A World Without End
Duchess Kittington von Meowselsworth II’s ship. The Phantom is a large ship in good repair that the Duchess inherited from her former owner who, in her will, adopted her as a daughter.
The Phantom is a great opera ship, crafted from old and strong wood and decorated on the outside with blues and purples. It is a massive ship, able to not only house a great performance within its finely decorated auditorium that sits in the centre of the ship, but also house the entire orchestra and all of the actors and actresses who were present in the halls to the opposite side of the auditorium. Towards the back of the ship, there is a dining hall. In many places hang not only classic French and Italian paintings, but some more modern pieces of industrial art, showing that this opera ship, during its golden age, was accepting of both classic and more modern artistry, not only in its décor, but in its repertoire of performances. One of the pieces is a portrait, of an old woman with the Duchess von Meowselsworth in her lap, eyes half lidded. Many of the windows are stained glass, likely engineered not to break in the sometimes hostile sky, as none of them seem damaged in the least. If this ship was truly damaged, then whoever restored it did a magnificent job.
Some of the rooms still have elements of personal flair complementing the classic style of the sturdy old wood ship, which might be a bit sad and hollow, as this is the only remaining ghost of the former crew. Some are decorated with classic weaponry, the room of the lead male actors, who just had a love for such thing. Perhaps it is a bit excessive, and to an art lover may seem cluttered next to the sights that are about. Some are just empty, people who have come and gone but never had the time to make it their own. Many are something in between, enough photos of loved ones to be a reminder of what has been lost, perhaps other personal items such as a music box here, or a chess set there, without painting such a detailed picture of the person who had lived there. The rooms are seemingly without end down the hall, though, and each is either just slightly or radically different. The beds, however, are all pretty well the same. Red covers over a comfortable mattress, usually for one or for two, depending on the person in question. The more space spent on the bed, however, the less space there is for other personal effects, such as dressers and chairs and end tables.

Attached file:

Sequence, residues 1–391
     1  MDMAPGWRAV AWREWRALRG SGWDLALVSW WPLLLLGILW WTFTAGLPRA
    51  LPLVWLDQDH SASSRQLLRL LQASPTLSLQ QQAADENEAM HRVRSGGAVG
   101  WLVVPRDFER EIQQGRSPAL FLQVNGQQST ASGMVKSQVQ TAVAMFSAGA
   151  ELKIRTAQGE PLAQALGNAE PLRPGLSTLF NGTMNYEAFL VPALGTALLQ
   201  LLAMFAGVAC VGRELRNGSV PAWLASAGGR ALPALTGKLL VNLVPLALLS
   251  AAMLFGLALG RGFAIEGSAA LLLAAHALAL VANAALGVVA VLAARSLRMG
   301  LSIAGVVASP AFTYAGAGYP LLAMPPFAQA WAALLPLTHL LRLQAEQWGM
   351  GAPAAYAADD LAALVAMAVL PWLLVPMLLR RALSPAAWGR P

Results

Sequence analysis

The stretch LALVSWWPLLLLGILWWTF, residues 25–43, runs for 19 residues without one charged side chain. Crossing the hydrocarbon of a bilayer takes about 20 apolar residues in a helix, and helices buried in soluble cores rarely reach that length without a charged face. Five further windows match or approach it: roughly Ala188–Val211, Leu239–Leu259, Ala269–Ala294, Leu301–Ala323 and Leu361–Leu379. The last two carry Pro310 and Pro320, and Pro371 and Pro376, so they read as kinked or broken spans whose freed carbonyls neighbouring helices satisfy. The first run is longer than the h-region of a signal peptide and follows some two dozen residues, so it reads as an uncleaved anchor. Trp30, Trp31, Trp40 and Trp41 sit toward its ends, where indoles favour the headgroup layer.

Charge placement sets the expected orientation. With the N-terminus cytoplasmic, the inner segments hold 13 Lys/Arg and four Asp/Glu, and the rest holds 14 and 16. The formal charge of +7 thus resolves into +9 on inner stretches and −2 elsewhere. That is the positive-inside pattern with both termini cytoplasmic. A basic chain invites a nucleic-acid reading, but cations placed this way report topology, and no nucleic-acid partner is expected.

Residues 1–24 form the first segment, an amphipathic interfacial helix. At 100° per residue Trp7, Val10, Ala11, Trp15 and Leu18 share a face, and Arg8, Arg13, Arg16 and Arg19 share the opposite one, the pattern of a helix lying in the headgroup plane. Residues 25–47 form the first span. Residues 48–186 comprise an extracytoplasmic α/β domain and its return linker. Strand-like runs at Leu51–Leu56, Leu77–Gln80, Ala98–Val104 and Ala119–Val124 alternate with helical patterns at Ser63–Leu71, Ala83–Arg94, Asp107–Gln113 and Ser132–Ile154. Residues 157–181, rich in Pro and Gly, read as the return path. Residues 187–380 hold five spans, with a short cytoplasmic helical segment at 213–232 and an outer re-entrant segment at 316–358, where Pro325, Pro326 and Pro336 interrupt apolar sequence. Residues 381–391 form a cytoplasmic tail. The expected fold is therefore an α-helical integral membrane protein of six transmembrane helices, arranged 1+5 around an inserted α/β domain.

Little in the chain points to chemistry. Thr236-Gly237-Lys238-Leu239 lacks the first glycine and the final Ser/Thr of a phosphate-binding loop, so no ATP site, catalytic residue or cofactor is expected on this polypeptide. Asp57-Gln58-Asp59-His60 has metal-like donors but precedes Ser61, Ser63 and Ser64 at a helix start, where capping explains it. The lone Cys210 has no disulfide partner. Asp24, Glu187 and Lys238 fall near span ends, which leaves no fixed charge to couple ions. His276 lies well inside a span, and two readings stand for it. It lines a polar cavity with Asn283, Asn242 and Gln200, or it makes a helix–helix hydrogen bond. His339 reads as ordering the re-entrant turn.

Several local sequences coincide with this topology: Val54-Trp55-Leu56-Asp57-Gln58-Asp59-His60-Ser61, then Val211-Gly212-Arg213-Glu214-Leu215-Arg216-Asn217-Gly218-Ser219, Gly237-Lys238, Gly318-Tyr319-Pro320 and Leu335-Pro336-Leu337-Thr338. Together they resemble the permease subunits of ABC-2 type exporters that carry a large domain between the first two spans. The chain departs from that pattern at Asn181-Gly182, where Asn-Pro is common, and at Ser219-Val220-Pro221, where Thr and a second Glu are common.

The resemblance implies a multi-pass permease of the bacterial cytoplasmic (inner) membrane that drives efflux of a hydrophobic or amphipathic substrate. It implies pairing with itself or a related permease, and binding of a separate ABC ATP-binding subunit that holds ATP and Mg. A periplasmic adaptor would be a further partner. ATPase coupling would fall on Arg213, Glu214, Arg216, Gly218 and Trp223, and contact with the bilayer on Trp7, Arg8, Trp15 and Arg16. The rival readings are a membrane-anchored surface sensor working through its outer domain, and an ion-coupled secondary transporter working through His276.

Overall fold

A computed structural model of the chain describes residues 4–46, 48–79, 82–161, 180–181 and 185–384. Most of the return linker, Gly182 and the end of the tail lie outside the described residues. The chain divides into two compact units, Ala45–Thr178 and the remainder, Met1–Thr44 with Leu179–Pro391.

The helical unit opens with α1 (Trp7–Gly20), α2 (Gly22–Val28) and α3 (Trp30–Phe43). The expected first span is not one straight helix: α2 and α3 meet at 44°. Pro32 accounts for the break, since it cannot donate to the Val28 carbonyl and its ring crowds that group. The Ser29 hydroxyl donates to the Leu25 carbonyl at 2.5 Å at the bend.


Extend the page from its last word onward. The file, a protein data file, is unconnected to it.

The halls are almost eerie in their emptiness, and with all the portraits that are about, it can be hard to shake the feeling that one is being watched. But the ship is called the Phantom, and perhaps there is a reason for that.